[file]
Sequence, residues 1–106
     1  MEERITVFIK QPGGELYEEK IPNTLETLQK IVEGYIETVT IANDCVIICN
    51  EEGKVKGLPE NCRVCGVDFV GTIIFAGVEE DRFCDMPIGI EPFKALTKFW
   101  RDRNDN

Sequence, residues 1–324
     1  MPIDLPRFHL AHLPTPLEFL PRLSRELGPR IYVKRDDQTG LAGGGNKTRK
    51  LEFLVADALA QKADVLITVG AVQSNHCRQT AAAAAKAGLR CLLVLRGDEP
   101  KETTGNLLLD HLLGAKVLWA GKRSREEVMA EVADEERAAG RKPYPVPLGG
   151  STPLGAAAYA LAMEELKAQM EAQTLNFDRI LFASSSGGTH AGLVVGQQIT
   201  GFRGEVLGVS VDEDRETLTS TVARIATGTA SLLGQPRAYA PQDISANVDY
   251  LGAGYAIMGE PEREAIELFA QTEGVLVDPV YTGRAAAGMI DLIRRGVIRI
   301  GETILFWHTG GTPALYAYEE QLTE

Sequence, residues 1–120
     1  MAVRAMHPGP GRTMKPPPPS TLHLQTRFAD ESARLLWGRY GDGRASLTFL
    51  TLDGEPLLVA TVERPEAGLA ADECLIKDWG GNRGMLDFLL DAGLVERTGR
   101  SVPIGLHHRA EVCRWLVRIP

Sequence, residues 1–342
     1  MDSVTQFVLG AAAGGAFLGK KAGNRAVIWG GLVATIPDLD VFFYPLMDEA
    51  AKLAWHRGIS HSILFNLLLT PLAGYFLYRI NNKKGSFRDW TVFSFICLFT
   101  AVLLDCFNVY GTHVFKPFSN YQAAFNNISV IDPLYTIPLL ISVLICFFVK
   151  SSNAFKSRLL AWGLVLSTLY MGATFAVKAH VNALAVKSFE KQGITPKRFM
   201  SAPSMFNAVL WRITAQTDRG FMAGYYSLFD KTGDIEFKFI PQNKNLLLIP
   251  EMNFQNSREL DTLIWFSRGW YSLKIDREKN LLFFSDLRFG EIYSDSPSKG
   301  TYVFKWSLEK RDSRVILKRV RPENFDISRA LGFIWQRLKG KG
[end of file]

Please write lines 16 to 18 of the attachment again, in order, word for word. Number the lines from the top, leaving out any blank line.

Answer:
   101  SVPIGLHHRA EVCRWLVRIP

Sequence, residues 1–342
     1  MDSVTQFVLG AAAGGAFLGK KAGNRAVIWG GLVATIPDLD VFFYPLMDEA